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Jun
26
Wed
2019
SAR Summer Salon – Historic Churches as Symbols and the Meanings of Restoration @ Eric S. Dobkin Boardroom, SAR
Jun 26 @ 10:00 am – 12:00 pm
SAR Summer Salon – Historic Churches as Symbols and the Meanings of Restoration @ Eric S. Dobkin Boardroom, SAR | Santa Fe | New Mexico | United States

This salon has reached capacity.

Concluding the 2018–2019 Creative Thought Forum theme of tradition and innovation, SAR presents our Summer Salons: conversation-style discussions exploring topics of broad social concern with leading experts. Learn more about the Creative Thought Forum which invites participants into a meaningful dialogue with speakers and provides an opportunity for discussions on existing assumptions and evolving perspectives.


Salon Description

Historic Churches as Symbols and the Meanings of Restoration

Author Frank Graziano shares research on the world of New Mexico’s historic stone and adobe churches and the role these structures play in communities today. Based on interpretive ethnographic fieldwork, his work demonstrates how a few committed mayordomos (church caretakers) or entire communities rallying around restoration efforts can influence the future of culturally relevant historic locations.

Frank Graziano is John D. MacArthur Professor of Hispanic Studies, Emeritus, Connecticut College and author of Historic Churches of New Mexico Today.


Free to SAR members with priority registration given at the Chaco level and higher. If you are not a member at this level and would like to join or upgrade membership to participate, please join here. Limited to 25 people. 

This salon has reached capacity. For information about future salons or further questions please contact Meredith Davidson 505-954-7223 davidson@sarsf.org.


A field trip for SAR members to churches with Graziano and curator, Robin Gavin, will take place the day following the salon, June 27. Contact Amy Schiffer for more on the trip: schiffer@sarsf.org.

Photo: St. Patrick’s Mission Church, Otero, Mescalero Apache Indian Reservation, photo by Frank Graziano

Jul
10
Wed
2019
SAR Summer Salon – Where Wind Works: Documenting US and European Wind Turbines and Correlating Changes to the Landscape @ Eric S. Dobkin Boardroom, SAR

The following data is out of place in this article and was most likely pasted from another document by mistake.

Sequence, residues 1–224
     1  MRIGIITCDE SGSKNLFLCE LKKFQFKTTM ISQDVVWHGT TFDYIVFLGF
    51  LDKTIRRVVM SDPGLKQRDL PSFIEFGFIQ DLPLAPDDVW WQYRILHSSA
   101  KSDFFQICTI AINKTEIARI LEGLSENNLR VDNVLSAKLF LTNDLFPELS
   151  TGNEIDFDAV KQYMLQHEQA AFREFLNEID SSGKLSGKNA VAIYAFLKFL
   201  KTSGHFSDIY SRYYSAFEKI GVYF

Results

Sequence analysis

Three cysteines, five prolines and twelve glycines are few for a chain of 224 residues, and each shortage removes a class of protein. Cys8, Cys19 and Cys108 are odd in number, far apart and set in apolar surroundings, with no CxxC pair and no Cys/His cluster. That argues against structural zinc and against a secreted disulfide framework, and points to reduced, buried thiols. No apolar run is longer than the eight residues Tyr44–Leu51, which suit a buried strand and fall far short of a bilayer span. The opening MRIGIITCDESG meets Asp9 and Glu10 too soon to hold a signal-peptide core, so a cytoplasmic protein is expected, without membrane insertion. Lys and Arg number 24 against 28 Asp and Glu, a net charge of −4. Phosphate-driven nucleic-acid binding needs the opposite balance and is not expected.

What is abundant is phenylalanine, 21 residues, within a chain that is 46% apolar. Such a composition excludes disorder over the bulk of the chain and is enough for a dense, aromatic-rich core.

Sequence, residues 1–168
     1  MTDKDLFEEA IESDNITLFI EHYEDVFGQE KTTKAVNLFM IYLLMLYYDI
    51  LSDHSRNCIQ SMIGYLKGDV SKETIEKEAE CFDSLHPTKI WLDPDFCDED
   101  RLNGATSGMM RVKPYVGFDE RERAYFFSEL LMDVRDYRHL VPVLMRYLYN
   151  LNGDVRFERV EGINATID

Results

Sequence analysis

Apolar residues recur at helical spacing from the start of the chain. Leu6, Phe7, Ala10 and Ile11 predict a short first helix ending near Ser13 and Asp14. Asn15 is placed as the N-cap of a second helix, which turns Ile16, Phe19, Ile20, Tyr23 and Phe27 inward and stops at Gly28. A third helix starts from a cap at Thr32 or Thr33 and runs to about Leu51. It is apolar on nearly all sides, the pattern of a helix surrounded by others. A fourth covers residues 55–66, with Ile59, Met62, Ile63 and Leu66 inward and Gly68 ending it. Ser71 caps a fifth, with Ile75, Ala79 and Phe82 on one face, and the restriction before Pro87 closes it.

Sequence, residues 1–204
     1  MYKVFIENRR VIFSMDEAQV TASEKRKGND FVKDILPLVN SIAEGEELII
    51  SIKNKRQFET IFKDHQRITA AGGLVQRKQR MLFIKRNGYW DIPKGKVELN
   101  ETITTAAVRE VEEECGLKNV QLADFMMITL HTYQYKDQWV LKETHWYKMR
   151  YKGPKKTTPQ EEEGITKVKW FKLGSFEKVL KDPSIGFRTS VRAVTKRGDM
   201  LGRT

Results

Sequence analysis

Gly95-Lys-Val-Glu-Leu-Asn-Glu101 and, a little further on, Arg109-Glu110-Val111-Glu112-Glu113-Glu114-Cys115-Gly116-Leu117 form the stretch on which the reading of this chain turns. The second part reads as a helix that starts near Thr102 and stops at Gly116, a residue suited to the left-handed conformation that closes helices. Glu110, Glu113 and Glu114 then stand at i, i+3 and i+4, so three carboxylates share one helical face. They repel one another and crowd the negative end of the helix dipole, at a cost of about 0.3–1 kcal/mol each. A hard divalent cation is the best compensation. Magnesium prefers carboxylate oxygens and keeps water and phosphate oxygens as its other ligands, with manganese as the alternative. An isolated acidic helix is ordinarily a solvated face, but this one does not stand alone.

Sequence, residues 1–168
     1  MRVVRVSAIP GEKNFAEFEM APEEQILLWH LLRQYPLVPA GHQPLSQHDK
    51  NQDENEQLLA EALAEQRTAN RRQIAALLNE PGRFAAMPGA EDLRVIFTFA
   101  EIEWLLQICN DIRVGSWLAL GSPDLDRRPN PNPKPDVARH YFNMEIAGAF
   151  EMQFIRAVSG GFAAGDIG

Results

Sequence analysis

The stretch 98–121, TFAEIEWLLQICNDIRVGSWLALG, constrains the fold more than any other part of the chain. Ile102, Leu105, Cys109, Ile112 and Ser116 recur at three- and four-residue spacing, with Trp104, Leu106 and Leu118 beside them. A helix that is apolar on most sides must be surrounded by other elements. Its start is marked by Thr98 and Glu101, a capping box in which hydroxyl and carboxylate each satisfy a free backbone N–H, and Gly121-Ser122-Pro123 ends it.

Jul 10 @ 10:00 am – 12:00 pm
SAR Summer Salon – Where Wind Works: Documenting US and European Wind Turbines and Correlating Changes to the Landscape @ Eric S. Dobkin Boardroom, SAR | Santa Fe | New Mexico | United States

Concluding the 2018–2019 Creative Thought Forum theme of tradition and innovation, SAR presents our Summer Salons: conversation-style discussions exploring topics of broad social concern with leading experts. Learn more about the Creative Thought Forum which invites participants into a meaningful dialogue with speakers and provides an opportunity for discussions on existing assumptions and evolving perspectives.


Salon Description

Where Wind Works: Documenting US and European Wind Turbines and Correlating Changes to the Landscape

Since 2011, photographer Bryan Steiff has tracked developments and uses of energy-generating wind turbines. From small applications and individual residential use to massive commercial wind farms, visualizing the current state of wind-use invites a dialogue around practicality, community impacts, environmental concerns, and political implications of this particular energy source.

Steiff says, “these dramatic symbols of renewable resources and green technology vividly evidence the hand of man on the landscape in a way not seen since the massive World War II infrastructure development in American and rebuilding of post-war Europe.”

Bryan Steiff is a photographer and author. Learn more about his Wind series here.


Free to SAR members with priority registration given at the Chaco level and higher. If you are not a member at this level and would like to join or upgrade membership to participate, please join here. Limited to 25 people. 

To register contact Lindsay Archuleta 505-954-7231 archuleta@sarsf.org.


Photo: Detail of Clines Corners, New Mexico (CCT0005) 2015, by Bryan Steiff.

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